Tuesday, May 06, 2008

Sethusamudram case: K.Parasaran’s submissions

Parasaran began with the Preamble to the Constitution, which proclaimed its resolve to secure to all its citizens, liberty of belief, faith and worship, among other things. He said Ram Sethu is considered by large sections of believers as holy and sacred place. To interfere or destroy even part of the said causeway would be an interference with the right of liberty of belief, faith and worship. Splitting the word Ramayana as Ram and ayana, he said the latter denotes the path, which the former took, and it is not just a story. In Hinduism, he said feet is considered holy. That is why he suggested Ram Sethu is not just any other Hill or river, which may equally be considered holy. He asked, “Is there a compelling necessity to cause this wound to the belief of the people?”

In pluralist secular country, in situations of conflict between different facets of public interest, an attempt should be made to so mould the situation and interpret law to bring about concordance and not discordance, he said. According to him, the present case involves two aspects of public interest, claim of right to religious belief, faith and worship on the one hand, and the claim of economic and commercial development in the matter of providing convenient passage for ships. Every attempt should be made to accommodate both the aspects of public interest which would be in conformity with the principles of concordance in pluralist society. If both cannot be accommodated the Court must weigh one competing aspect of public interest against the other, and decide where the balance lies. In doing so, it will ensure that the constitutionally protected fundamental rights are not violated. The Court will have to take into account the nature of the injury to the public interest in deciding the conflict, he submitted.

In a lighter vein, Justice Raveendran asked how was it that Parasaran argued against the Government, when in every other case, including the OBC quota, he argued for the Government. Another petitioner in this case, Subramanian Swamy got up and said it was Lord Rama who got him this side.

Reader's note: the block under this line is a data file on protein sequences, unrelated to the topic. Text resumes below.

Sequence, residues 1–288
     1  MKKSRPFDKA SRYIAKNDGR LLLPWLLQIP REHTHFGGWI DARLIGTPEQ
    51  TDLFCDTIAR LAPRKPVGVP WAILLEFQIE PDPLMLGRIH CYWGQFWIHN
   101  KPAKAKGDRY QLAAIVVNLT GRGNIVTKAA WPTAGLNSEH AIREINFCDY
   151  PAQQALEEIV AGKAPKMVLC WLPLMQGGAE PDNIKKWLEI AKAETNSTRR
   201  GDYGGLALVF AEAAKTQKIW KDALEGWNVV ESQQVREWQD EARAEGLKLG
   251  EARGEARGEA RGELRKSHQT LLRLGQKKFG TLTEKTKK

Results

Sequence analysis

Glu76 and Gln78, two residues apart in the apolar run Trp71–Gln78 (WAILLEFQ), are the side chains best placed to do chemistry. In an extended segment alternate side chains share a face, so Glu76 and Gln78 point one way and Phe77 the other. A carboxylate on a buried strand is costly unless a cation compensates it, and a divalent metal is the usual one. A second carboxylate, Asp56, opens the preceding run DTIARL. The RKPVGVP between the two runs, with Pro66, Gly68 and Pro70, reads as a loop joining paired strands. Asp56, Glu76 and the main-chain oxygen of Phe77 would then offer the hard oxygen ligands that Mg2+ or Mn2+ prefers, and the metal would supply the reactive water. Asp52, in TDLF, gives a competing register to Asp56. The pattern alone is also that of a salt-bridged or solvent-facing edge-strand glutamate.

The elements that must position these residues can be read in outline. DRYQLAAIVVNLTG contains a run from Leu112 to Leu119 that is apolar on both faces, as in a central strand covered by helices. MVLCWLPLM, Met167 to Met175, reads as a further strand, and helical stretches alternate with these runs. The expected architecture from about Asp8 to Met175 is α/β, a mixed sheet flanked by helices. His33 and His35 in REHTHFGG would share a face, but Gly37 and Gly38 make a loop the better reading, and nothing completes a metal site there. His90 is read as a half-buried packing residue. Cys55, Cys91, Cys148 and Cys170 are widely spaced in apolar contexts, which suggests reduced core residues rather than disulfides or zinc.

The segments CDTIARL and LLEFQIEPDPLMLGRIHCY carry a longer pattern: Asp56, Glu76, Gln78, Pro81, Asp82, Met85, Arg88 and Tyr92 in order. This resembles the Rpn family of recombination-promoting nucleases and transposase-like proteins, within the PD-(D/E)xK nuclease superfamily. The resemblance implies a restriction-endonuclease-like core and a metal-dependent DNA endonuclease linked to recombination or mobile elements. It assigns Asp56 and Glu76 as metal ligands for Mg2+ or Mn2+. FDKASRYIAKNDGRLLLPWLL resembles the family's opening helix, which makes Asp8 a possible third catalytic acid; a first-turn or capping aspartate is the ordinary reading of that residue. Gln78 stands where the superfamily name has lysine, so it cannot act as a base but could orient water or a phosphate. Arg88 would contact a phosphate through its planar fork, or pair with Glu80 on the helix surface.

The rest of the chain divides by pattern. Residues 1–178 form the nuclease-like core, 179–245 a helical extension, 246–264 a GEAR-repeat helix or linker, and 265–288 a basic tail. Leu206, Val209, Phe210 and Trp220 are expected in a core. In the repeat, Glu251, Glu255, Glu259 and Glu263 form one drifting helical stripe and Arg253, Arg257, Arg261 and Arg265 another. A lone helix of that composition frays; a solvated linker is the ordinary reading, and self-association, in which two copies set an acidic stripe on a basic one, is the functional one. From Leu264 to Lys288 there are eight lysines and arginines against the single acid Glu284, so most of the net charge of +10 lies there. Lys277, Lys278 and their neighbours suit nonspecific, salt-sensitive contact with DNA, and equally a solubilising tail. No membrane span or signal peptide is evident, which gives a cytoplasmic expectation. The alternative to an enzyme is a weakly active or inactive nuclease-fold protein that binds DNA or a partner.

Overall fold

2 comments:

ravi srinivas said...

I did read the reports in The Hindu on this issue.I wonder whether Article 25 can be streched this far. It is one thing to say that Courts cannot go into issues of faith but it is another thing to infer from that courts should accept whatever is said by the beleivers in such issues and decide accordingly.If my memory
is right the Narmada project involves drowning of many places
of worship.But this did not stand
in the way of Supreme Court deciding on that project.The most
important question there was
of rehabilitation, resettlement
and compensation for project
affected and displaced people.\
Here too the ecological consequences and the viability
of the project should have been
the issues.Except one petitioner
Ossie Fernandes and his counsel
Sriram Panchu, other petitioners
dont even seem to raise these.
This is a pity because even if there were no Ramar Sethu the
ecological consequences of the
project deserve a debate.But both
the Right and Left have reduced
this case to the question of
preserving Ramar Sethu or not.
In this case the Centre argues
that there is no alternative
route whereas the petitioners argue
that route no4 is a possible solution as that does not affect
the Ramar Sethu.Let us see how the
Court addresses these issues.

Aditya Swarup said...

It is ironical that such distinguished advocates presented rather banal submissions. Looking at the existence of Ram was not central to the issue and Religion can easily be whittled down.
For instance, a seven judge bench in Ismail Farooqui v. UOI (Babri Masjid case) said that the right to relgion u/a 25 is subject to the power of eminent domain; i.e. there are no restrictions to the power of eminent domain in Part III.

I think Mr.Andhyarujina is arguing the case for the UOI. It'd be interesting to see what he has to say about this.